Sydney Law School will discontinue the popular Peer Assisted Study Sessions (PASS) program for Law from Semester 2 onwards. Details about his replacement are still being decided.
PASS facilitators announced the decision to their students this week.
A University spokesperson said the program was cut to align with the Law School’s “strategic goal” and to demonstrate “the School’s commitment to ensuring that our law students who need the most support receive the best possible assistance to meet their particular needs.”
The Law School has confirmed that it does not currently know what the program’s replacement will look like, but Simon Bronitt, Dean of Sydney Law School, described it as a “joint design project” between students and staff.
‘PASS helps students understand their law courses much better’
PASS offers free weekly sessions for select business and law units led by high-achieving student facilitators. The program is highly interactive, with students working together to answer exam-style problem questions, and is normally full at the start of each semester.
This semester, PASS was available for five core junior law courses (Torts, Contracts, Criminal Law, Public International Law, and Torts and Contracts II).
USyd’s PASS program is “the most awarded program in the Australasia region,” including an international award from the International Center for Supplemental Instruction at the University of Missouri.
Many law students throughout its 11-year history credit the program with greatly improving their grades and helping them with their transition to university studies.
A PASS facilitator at law, who wished to remain anonymous, described his experience attending PASS as a student and later as a facilitator as “hugely beneficial in providing a supportive group learning environment for students in a discipline that is often felt too competitive and stressful. .
“On so many occasions, students have told us how much they learned in PASS and how invaluable they found the structured opportunity to try new problem questions and review content with their friends,” they said.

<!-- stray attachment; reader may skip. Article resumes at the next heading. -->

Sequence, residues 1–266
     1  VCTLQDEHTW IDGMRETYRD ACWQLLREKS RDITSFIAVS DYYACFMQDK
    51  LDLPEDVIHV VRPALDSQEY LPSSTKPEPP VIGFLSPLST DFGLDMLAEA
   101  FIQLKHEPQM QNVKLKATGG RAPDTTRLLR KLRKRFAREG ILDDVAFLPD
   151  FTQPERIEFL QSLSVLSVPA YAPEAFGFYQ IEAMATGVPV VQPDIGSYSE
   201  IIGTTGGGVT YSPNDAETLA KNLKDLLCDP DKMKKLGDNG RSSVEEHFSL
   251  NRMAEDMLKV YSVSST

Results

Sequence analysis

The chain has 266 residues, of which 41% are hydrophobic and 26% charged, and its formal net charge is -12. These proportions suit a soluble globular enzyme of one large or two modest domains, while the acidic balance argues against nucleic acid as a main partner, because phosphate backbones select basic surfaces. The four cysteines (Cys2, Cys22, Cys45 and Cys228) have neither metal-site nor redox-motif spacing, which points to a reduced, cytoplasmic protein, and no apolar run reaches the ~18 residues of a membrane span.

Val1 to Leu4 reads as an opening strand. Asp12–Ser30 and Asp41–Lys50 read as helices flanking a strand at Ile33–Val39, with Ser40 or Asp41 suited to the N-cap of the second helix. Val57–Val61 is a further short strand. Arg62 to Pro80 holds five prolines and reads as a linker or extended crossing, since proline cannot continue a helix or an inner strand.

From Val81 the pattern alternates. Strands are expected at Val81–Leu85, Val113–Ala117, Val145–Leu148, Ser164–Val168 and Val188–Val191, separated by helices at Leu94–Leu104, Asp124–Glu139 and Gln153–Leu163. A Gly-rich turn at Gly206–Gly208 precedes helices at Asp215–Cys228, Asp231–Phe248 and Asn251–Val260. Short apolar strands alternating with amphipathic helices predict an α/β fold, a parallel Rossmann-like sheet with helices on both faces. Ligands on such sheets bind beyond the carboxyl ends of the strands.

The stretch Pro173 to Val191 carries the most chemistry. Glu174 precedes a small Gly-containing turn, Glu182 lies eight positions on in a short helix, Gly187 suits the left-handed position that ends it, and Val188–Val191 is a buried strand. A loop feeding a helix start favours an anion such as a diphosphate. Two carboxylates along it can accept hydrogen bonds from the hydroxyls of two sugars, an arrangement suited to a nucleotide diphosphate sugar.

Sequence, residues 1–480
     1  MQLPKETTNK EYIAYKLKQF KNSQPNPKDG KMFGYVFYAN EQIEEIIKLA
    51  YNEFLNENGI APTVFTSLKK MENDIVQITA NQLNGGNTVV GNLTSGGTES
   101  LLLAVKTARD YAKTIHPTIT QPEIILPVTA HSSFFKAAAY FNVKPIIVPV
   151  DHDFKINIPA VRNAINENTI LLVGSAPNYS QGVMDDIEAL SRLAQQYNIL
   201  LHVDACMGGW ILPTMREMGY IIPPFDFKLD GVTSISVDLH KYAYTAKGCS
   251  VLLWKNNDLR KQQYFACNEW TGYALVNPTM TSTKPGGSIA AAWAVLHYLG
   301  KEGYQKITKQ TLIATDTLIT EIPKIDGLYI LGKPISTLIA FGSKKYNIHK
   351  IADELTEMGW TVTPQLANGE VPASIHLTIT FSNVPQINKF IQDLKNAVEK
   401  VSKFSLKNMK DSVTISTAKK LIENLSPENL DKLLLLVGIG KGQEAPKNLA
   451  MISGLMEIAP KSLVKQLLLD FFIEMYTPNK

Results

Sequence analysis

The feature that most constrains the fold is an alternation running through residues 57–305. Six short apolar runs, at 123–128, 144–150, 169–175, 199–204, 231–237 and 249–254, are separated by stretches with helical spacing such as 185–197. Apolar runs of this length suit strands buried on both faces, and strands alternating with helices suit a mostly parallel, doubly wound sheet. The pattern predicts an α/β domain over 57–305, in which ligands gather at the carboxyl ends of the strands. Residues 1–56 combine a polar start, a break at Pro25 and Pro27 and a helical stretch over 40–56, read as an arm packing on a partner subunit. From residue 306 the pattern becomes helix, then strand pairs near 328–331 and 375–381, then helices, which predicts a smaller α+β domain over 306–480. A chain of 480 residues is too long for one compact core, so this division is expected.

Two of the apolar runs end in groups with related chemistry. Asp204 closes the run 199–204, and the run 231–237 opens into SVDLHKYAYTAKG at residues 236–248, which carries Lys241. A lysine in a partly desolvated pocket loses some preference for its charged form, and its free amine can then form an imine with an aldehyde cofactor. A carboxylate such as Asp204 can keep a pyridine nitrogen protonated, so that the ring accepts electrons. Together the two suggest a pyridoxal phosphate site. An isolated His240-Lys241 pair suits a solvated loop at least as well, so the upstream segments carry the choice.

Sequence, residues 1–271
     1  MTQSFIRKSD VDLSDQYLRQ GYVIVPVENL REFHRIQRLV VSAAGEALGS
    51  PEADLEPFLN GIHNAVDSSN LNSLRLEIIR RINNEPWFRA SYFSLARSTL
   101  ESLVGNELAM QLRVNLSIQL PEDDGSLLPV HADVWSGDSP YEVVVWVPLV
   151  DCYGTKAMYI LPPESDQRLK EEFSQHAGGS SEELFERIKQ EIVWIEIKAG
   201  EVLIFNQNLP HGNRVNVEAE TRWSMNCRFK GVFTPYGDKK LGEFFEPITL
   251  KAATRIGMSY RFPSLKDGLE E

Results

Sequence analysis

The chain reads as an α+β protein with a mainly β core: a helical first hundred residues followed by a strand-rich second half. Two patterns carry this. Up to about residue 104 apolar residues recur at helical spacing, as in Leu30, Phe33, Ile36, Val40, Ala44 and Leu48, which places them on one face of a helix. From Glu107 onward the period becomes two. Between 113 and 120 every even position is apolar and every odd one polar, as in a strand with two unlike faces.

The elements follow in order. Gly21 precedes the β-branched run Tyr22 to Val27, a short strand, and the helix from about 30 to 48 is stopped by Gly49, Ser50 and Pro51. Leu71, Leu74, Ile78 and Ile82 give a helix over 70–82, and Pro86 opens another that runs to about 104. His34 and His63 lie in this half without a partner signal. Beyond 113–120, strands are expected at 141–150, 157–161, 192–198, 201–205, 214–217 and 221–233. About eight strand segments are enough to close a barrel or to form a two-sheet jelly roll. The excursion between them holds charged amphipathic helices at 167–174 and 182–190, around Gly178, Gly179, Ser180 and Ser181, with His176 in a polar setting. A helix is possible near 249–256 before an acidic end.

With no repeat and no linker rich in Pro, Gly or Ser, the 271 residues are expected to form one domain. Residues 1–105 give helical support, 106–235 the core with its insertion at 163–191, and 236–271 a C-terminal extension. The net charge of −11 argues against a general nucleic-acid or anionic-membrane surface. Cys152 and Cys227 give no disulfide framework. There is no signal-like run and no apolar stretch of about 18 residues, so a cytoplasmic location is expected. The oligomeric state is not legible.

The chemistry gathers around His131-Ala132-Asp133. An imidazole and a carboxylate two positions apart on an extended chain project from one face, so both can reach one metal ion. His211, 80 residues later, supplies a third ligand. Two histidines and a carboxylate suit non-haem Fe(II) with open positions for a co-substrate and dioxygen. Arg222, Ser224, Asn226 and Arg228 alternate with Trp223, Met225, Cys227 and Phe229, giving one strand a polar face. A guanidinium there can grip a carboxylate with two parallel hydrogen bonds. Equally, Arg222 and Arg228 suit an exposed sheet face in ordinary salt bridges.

A sophomore who was “shocked and upset” to learn of the show’s cancellation said Here: “PASS helps students understand their law courses much better.
“You learn to understand how students take different perspectives on a problem and understand that there is no ‘right’ answer, but still provide evidence and case reasoning.”
Uncertainty about his replacement
When asked about replacing the program, a University spokesperson said the Law School wants to “invest in developing and expanding its own discipline-specific academic skills development program for law students,” which covers both content of the course such as legal skills. This seems to refer to the fact that the program is externally coordinated by the Business School.
According to Bronitt, PASS costs Sydney Law School $45,000 per semester, part of which helps employ 10 student facilitators. The spokesman said “cost savings were not a consideration in the decision.”
Here understands that during a staff-student consultative forum on Wednesday, Bronitt justified the decision by stating that PASS is not reaping the anticipated benefits based on the data, although Here you have not seen the data to support this claim. Associate Dean for Student Life Roger Magnusson also argued that PASS caters to a “middle class” of students who earn average or high grades, while his replacement would focus on struggling students.
Sydney University Law Society (SULS) Vice President (Education), Irene Ma, said she was against compulsory classes for low-achieving students, preferring a PASS-like participatory approach. Some students have also privately expressed concern that such a replacement program would “turn out” low-achieving students or create discomfort.
Here understands that the Law School has concerns about PASS’s pedagogical approach. Facilitators are discouraged from providing answers directly to students, and Bronitt describes it as an “outdated model” better suited for business units.
SULS President Ben Hines said PASS has helped “help students with the nuances of certain topics and provide new factual scenarios for question- and problem-based learning.”
“Having programs that help with law student learning is critical, and ensuring that these programs are better suited to the needs and experiences of students should be critical,” he said. Hines also plans to advocate for students to be employed in the new program.
“SULS is strongly committed to ensuring that these guarantees we have received from the School of Law are upheld, and that any such decision by the School is enacted and designed in a way that benefits, rather than harms, students. .
“We encourage any student who wishes to contribute to this co-design project to participate in an upcoming survey that SULS will distribute via email, and we will advocate for these students’ perspectives.”
Finally, the PASS facilitator who spoke with Here expects the replacement program to have the same educational benefits as PASS.
“I think it’s sad to know that students (many of whom I’ve seen come back semester after semester because they love PASS) might have a harder time accessing the support they need because of this decision,” they said.